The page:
KASSANDRA AND THE WOLF. Translated from the Greek by N. C. Germanacos. New York and London: Harcourt Brace Jovanovich, . Octavo, boards. First edition in English. The author's first book. "KASSANDRA AND THE WOLF may well be Karapanou’s masterpiece. It is a work of singular intensity; a bildungsroman and, in a sense, a kunstlerroman as well. Kassandra is written in a series of "loosely connected vignettes," as Karen Van Dyck writes, where 'math and spelling lessons intertwine with episodes of playing doctor, masturbation, and molestation.' The narrator and protagonist is a little girl by the name of Kassandra, a member of an upper-class family in the years following the Greek Civil War. Kassandra does the things that normal girls her age and class do: she plays games, sings songs, goes to school, learns to spell and count -- but all these ordinary activities are funneled through her perverse and phantasmagoric imagination, a reflection of the perversely oppressive society under which she exists ... It is not unfair to argue that if Karapanou had written in a language less 'minor' than Greek, her name would be a far more familiar one in the canon of world literature. Karapanou was one of Greece’s foremost Postmodernist writers. As Karen Van Dyck wrote in her essay, 'Reading Between Worlds: Contemporary Greek Women’s Writing and Censorship,' 'Since the period of the dictatorship (1967–1974), women writers have set literary trends in Greece.' She goes on to list Karapanou side-by-side with writers such as Katernia Anghelaki-Rooke, Maro Douka, and Rhea Galanaki as some of the most important writers of her generation, that generation of postwar authors who straddle the boundary between the Modernism of the early twentieth century and the Postmodernism of the late century." - George Fragopoulos. A fine copy in fine dust jacket. Scarce in this condition. (#159961).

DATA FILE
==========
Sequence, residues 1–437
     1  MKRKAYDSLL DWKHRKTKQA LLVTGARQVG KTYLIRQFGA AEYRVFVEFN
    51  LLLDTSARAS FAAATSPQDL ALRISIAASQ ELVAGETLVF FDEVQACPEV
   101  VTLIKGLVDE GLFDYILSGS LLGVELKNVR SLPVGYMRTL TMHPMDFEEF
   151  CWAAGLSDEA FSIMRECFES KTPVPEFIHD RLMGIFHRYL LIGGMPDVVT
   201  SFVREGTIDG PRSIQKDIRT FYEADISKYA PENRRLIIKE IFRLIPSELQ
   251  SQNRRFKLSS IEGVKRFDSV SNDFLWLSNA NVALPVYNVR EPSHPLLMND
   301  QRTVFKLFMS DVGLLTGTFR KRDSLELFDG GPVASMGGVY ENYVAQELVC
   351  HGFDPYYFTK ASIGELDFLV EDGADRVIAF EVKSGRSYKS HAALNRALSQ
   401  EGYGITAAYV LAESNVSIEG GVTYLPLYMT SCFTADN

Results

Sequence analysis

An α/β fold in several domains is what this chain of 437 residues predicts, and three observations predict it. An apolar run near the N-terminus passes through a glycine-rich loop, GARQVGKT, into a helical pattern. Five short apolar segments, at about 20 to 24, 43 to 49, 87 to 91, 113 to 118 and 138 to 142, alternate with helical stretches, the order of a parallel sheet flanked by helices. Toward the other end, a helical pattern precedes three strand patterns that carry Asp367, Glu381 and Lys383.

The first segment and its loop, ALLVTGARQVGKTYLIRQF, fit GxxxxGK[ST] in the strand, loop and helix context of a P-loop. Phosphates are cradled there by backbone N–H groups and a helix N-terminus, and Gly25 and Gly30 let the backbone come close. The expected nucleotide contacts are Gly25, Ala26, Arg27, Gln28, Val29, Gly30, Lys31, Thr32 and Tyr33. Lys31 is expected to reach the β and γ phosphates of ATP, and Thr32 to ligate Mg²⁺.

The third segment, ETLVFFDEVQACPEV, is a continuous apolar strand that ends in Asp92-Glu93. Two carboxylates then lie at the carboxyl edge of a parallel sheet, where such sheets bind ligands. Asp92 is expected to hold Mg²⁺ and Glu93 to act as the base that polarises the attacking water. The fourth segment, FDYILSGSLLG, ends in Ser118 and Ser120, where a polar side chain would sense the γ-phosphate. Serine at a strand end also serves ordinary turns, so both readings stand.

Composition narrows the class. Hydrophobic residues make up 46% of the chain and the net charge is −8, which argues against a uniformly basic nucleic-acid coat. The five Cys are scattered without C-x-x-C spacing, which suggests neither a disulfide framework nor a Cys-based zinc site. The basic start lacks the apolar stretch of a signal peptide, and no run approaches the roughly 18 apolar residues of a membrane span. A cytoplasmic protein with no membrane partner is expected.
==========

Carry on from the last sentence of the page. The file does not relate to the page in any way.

"First edition / B C D E" on copyright page.